Pandemic reactions at home and abroad

U.S. Air Force Senior Airman Brenden Fowler, 86th Aerospace Medicine Squadron independent duty medical technician, screens Airmen for COVID-19 symptoms before allowing them to travel to Plovdiv, Bulgaria for Thracian Summer 2020, Aug. 10, 2020. The screening consists of checking temperature and answering a series of questions about physical health and recent travel locations to prevent the spread of COVID-19. (U.S. Air Force photo by Tech. Sgt. Devin Nothstine)
U.S. Air Force Senior Airman Brenden Fowler, 86th Aerospace Medicine Squadron independent duty medical technician, screens Airmen for COVID-19 symptoms before allowing them to travel to Plovdiv, Bulgaria for Thracian Summer 2020, Aug. 10, 2020. The screening consists of checking temperature and answering a series of questions about physical health and recent travel locations to prevent the spread of COVID-19. (U.S. Air Force photo by Tech. Sgt. Devin Nothstine)

Pandemic reactions at home and abroad

by Jennifer Brown
Stripes Guam

Editor’s note: At Stripes Guam, we love to share your stories and share this space with our community members. Here is an article written by Jennifer Brown, a hospital corpsman at U.S. Naval Hospital Okinawa. If you have a story or photos to share, let us know at guam@stripes.com.

 

Despite us sending out good vibes and wishes, it seems that this pandemic continues to create uproar among us. For those who have been stuck at home and have finally begun working again, just the act of physically going back to work can be distressing. In my case, as someone who has had to travel during this pandemic, I have noticed many cultural differences in regard to wearing masks and social distancing in the U.S. and in Japan. 

On a four-day journey back to the States, these differences were predominant amongst my fellow Americans who were selective in when and where they wore their masks. My trip back to California included stops in mainland Japan and Hawaii, but it wasn’t until I arrived at my final destination where the discrepancies in face mask protocol were obvious. I expected that after traveling from Japan, where COVID-19 numbers were declining at the time, to the U.S. where numbers have skyrocketed with no end in sight, there would be more people wearing face masks.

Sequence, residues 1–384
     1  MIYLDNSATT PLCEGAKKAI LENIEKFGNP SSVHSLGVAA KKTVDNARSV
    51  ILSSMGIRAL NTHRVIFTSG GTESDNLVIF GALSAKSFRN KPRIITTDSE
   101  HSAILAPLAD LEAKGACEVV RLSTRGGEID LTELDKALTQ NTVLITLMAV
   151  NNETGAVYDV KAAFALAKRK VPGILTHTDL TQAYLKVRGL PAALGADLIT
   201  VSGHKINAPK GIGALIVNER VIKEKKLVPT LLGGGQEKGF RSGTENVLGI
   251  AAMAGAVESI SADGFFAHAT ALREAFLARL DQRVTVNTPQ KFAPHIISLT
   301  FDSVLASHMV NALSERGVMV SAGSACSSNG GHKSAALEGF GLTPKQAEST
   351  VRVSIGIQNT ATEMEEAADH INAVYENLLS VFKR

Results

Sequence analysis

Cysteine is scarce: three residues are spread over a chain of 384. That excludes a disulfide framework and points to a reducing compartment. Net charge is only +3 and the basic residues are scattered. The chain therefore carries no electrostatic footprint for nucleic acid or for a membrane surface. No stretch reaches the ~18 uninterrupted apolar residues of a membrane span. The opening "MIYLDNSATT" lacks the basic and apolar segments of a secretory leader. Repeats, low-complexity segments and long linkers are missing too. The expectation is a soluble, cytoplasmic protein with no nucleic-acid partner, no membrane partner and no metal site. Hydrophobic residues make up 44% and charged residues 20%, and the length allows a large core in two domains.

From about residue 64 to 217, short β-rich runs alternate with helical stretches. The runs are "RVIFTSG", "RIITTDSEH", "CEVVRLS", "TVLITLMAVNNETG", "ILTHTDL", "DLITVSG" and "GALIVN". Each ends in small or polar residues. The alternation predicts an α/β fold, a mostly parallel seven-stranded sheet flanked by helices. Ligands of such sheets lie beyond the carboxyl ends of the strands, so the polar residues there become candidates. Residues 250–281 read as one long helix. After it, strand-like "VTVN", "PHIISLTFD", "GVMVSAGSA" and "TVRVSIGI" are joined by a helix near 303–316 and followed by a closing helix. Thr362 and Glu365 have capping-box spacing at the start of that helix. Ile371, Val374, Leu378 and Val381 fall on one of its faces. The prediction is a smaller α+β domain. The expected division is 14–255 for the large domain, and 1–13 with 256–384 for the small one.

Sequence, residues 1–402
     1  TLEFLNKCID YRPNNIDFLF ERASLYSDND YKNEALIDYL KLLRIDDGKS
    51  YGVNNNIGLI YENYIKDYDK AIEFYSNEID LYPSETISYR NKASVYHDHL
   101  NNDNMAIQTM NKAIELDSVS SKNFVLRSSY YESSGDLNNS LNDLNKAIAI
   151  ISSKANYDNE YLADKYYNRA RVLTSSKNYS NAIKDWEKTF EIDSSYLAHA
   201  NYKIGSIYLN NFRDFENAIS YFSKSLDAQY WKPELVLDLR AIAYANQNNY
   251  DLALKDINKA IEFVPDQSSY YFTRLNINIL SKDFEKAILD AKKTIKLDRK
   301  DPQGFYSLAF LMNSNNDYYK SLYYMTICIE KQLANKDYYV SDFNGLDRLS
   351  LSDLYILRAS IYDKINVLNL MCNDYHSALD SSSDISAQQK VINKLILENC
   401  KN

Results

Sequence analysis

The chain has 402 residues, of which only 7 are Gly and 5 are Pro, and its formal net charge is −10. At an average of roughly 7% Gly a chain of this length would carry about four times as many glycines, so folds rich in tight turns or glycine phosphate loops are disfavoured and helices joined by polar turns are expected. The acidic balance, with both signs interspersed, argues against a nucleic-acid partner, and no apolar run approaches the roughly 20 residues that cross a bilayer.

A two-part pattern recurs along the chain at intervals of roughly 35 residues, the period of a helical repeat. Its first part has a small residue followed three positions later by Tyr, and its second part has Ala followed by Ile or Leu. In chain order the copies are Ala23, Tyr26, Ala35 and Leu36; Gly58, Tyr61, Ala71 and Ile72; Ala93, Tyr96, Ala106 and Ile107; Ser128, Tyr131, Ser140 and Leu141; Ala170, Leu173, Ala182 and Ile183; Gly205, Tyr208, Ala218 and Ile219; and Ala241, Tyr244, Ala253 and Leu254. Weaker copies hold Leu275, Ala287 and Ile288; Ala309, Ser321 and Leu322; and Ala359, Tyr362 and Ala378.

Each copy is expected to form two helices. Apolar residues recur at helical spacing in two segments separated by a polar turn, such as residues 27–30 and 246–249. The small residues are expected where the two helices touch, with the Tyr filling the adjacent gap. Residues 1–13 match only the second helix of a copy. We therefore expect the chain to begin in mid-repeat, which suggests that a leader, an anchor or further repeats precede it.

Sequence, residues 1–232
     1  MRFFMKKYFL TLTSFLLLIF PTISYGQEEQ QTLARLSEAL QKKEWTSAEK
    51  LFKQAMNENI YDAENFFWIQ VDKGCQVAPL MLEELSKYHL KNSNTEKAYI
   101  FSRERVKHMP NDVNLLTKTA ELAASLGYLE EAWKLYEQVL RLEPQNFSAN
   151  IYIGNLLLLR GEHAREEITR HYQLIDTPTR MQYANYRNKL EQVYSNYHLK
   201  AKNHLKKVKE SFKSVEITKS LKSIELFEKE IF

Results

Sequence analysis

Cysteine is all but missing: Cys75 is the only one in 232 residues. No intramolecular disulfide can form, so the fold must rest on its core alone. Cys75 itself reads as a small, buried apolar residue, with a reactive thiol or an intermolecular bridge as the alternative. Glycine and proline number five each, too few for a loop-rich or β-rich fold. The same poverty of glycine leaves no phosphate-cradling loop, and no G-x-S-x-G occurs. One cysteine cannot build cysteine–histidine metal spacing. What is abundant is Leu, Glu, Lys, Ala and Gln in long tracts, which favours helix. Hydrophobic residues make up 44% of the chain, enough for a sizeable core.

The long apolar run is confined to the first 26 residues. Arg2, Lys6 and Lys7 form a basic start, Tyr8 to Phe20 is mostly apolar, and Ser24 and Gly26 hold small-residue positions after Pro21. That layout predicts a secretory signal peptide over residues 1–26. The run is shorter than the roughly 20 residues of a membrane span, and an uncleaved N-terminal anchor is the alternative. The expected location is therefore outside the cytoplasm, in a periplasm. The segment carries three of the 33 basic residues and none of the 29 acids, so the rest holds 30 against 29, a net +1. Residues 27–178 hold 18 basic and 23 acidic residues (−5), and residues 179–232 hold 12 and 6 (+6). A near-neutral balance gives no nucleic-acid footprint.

Not only were there not as many people wearing facemasks, but of the ones that were, a fraction of them do not wear them properly. In particular, people tend to wear face masks under their nose or wear them too loose around their face. This type of behavior has been a huge culture shock for me. I had grown so accustomed to seeing Japanese people and fellow servicemembers on Okinawa wearing their masks out in public, that in California, the lack of masks on people out at markets, restaurants and other public areas was concerning.

In addition to the relaxed adherence to face mask protocol, social distancing measures in the States was another issue that hasn’t really become a habit. In Okinawa, both facemask use, and social distancing is a normalized part of the culture. In California, this new normal seems to be taking some time to settle in.

As the cases continue to grow globally, abiding by the measures set forth by health officials is so important. The differences to how the locals are reacting to the pandemic in both my home country and host country have made me aware of that. And while travel for me is inevitable even during this time, I know I must take control of my own safety and work towards keeping those around me safe.

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Jennifer Brown is a hospital corpsman at U.S. Naval Hospital Okinawa. Originally from Florida, she joined the Navy in 2018, and has been on island for over a year. During her free time Brown enjoys spending time with animals, running, rock climbing, and hiking. She is an alumnus of the University of Central Florida, and holds a Bachelor of Science in Psychology. Her professional interests include social work, animal welfare, and children.

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